That may be one reason why Shoyoroll went in a different direction with their pants after this release. Among the two Batch 7 releases, the Golden State came with 10-oz drill cotton pants, and the 7th Son came with a different 10-oz ripstop pair with a gold weave gusset.
I used my cover of journalistic integrity while researching for this review to visit a few different dojos without feeling like a turncoat from my home school of Renzo Gracie Academy. I had to travel 22 blocks and almost one avenue in Manhattan to train with all of the people in the three pictured New York schools (Renzo’s, Marcelo Garcia’s, and Shaolin’s). That’s almost 2 whole kilometers! My travels were very inspirational, and I definitely came back rededicated to jiu jitsu training/competition!
In the time I spent training, the gi incurred minimal wear and only two minor bloodstains. It held up well in training, and it seems like a good choice for durability. However, the ripstop material on the few remaining others I saw in the Fifty/50 gym was frayed. After 3 years of constant use, it seems reasonable that these gis would have been reaching the end of their lives; however, the lapel fraying after long-term use is somewhat of a concern. One other concern was a couple of frayed threads on the cuff that began to appear after about 5 washes. However, these have not spread or caused any loss of structural integrity.
The jacket was a bit heavier than I generally like. During the winter, this would provide some warmth, but I rarely desire such; however, this is just personal preference, as heavier gis are liked by some.
The extra-thick collar is very helpful for defending chokes. The extra room in the front combined with the tapering of the cut makes it very easy to pull the lapel out for use as a weapon, though this is not in synergy with the collar’s thickness and relative lack of flexibility, which would tend to reduce its utility in that respect. The ripstop material on various surfaces is a nice touch because of the added external slipperiness it provides.
I did have a performance issue with the pants. I have extremely high leg flexibility (though some would use a less family-friendly term to describe it), but unfortunately, the heavy ripstop material of the pants has practically no “give” to it whatsoever, and the crotch material is insufficient to prevent some pushback from the pants when I do something like put my leg behind my head. Therefore, it does seem that these pants can inhibit certain extreme leg movements. When I train in most Shoyoroll drill cotton pants, this has not been an issue. Further, the pants do not ride up on the legs much, although I would prefer that they did because of the shorter lever arm that would give my training partner.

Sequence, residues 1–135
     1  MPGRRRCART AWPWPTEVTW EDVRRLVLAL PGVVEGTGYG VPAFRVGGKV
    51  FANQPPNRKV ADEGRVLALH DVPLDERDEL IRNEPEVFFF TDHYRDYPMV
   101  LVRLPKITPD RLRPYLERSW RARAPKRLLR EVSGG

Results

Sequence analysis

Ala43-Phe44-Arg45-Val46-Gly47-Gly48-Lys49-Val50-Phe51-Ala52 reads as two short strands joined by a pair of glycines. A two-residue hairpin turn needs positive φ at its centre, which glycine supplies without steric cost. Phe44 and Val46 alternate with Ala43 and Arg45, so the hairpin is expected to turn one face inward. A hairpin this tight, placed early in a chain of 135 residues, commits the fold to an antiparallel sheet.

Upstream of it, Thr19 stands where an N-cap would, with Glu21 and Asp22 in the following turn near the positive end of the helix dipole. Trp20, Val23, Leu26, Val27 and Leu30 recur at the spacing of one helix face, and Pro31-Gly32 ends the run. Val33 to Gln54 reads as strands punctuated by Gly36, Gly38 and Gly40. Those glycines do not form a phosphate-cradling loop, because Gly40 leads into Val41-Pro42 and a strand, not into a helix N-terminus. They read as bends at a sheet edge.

Overall, the jacket of this gi performs very well, especially with the collar imparting such a mechanical advantage. I feel almost like I’m cheating while wearing it because of the collar, the overall mass of which exceeds that of my Lucky Gi. The extra front room provides handles to the opponent, but it also provides additional stretching ability and increases the lapel’s utility as a weapon.
This gi has understated but elegant aesthetics that are more detailed than they appear at first glance, and it has well-thought-out performance features to boot. Despite the issues with the pants, the jacket on this release seems to confer the biggest advantage during grappling of any Shoyoroll gi of which I am aware. Despite the peculiarities of the pants, the jacket is truly awesome, and the gi has a unique place in the history of Shoyoroll gis. I certainly won’t be getting rid of mine anytime soon.
These were only sold in person as the first Shoyoroll gi made especially for a gym. My impression is that most of these were used shortly after purchase and would no longer be in as good of condition as mine, despite the general sturdiness of the fabric (though I am aware of at least one that is still brand new). Even though your chances of obtaining one of these are not good, I hope my breakdown of this gi was interesting and that you’ve enjoyed reading it!
I had this gi (previously worn 5 times, washed cold and drip dried) pulled from eBay by an Alaskan whose gym had newly subscribed to the “dojo gi scam,” with which some readers of this site are unfortunately all too familiar: Allegedly, he was forced to wear only the gi dictated by his instructor in a bid to destroy his soul via cultish uniformity. Due to the rarity of this gi, the last eBay bid-style auction for one before press time (April 2013) ended at approximately $565, but my seller gave it to me immediately for half that amount plus less than actual shipping. (The last couple of Buy it Now auctions for them have ended at $300-350.)
Brendan is the Founder of Gireviews.net. By day he is a elementary school teacher, by night, a jedi gi reviewer!